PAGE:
Sohn, H. M. (1999). The Korean language. Cambridge: Cambridge University Press.
Studies in Second Language Acquisition, 25, 433-448.
Methods: Korean Learner Corpus

Essay Topics
L1
Essay 1
Topics after studying Korean at the
institution
Essay 2
Introduing my family
L2
Describing a given picture
Public transportation in my home country
L3
Writing a complaining letter
Writing opinions about a fixed idea (a
pretty girl is not smart)
L4
My favoraite animal
Writing opinions about the 10th-day-nodriving system
L5
Difference between my first language
and Korean
Writing opinions about eating dog soup
L6
Things to improve about living in Korea
Writing opinions about runaway teenagers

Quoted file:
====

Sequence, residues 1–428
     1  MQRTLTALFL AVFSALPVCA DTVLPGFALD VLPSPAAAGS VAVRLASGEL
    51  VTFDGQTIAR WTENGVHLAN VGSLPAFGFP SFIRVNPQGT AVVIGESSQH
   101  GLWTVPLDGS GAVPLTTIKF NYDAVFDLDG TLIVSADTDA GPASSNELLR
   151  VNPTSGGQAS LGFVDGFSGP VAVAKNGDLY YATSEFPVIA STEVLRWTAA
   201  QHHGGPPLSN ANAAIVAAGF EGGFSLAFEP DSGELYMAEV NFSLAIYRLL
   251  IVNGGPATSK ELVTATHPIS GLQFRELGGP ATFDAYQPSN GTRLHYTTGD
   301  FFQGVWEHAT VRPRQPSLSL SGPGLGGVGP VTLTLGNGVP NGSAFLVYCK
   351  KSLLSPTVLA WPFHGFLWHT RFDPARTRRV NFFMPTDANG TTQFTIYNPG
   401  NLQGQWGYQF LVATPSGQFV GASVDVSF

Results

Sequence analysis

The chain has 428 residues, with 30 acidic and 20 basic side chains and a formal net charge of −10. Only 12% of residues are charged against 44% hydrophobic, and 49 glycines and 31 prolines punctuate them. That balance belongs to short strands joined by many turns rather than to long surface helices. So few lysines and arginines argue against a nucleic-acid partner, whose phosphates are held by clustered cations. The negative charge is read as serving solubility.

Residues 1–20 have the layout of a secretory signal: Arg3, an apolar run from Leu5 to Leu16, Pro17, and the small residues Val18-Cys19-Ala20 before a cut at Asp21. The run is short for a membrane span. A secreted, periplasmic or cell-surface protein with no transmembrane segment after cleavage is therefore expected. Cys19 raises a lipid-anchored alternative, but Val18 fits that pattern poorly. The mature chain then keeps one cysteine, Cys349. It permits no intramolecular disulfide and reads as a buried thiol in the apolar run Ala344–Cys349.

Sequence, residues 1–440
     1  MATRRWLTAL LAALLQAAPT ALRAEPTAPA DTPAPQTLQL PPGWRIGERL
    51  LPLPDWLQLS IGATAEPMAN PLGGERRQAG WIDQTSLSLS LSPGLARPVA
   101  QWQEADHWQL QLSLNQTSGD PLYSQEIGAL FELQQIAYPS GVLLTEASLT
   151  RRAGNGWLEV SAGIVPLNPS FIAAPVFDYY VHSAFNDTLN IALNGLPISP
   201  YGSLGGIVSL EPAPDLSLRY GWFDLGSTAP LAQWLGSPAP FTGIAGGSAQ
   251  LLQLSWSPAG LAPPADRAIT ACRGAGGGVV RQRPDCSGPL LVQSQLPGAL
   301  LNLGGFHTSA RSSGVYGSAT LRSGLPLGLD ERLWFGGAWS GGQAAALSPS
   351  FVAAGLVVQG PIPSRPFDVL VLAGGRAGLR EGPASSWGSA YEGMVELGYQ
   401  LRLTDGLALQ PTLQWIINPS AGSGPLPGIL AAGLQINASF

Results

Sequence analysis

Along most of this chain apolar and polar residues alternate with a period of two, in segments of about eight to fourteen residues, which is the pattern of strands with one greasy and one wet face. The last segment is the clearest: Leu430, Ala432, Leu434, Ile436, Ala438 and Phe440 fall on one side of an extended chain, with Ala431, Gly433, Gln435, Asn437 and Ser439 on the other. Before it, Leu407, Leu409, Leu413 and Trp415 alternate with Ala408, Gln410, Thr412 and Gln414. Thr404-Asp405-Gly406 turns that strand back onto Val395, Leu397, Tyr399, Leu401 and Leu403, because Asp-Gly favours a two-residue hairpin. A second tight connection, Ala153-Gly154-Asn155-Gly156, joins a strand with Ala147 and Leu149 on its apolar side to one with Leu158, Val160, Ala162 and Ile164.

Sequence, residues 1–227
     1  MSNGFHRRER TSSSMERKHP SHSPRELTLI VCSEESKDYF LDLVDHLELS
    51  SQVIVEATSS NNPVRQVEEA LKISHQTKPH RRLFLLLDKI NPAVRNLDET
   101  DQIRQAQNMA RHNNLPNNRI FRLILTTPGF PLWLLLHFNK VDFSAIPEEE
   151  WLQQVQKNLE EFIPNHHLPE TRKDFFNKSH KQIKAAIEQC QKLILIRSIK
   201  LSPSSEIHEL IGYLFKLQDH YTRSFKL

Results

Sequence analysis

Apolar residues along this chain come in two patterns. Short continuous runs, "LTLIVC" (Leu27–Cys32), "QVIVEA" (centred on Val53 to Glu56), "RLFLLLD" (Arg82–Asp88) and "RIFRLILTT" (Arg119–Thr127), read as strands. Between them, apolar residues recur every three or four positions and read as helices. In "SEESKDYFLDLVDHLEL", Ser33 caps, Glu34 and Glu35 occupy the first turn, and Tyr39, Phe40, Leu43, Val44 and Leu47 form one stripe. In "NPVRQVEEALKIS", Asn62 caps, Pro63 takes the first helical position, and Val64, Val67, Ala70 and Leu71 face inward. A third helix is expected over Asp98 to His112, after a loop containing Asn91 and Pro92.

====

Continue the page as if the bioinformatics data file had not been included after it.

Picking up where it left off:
or Korean people
Methods: Korean Learner Corpus

No. of Participants
L1
L2
L3
L4
L5
L6
Total
JPN
43
31
28
21
20
10
153
CHN
10
8
13
8
6
5
50
Total
53
39
41
29
26
15
203
Methods: Korean Learner Corpus

No. of Participants, Writings, and Tokens
L1
L2
L3
L4
L5
L6
Total
JPN
43
31
28
21
20
10
153
CHN
10
8
13
8
6
5
50
Total
53
39
41
29
26
15
203
Methods: Korean Learner Corpus
Table 1. No. of Learners, Essays, and
L1
L2
L3
L4
L5
L6
Total
Learners
53
39
41
29
26
15
203
Essays
106
78
82
58
52
30
406
Korean Relative Clauses
[NP [ti aki-lul
po-nun]
yecai ]
baby-ACC see-REL.PRES woman
“The woman who is looking at a baby.”
SU
[NP [yeca-ka
tj po-nun]
akij ]
woman-NOM
see-REL.PRES baby
“The baby whom the woman is looking at”
DO
[NP [namca-ka tk phyenci-lul ssu-nun]
yecak]
man-NOM
letter-ACC
write-REL.PRES woman
“The woman to whom the man is writing a letter”
[NP [namca-ka tk phyenci-lul ssu-nun]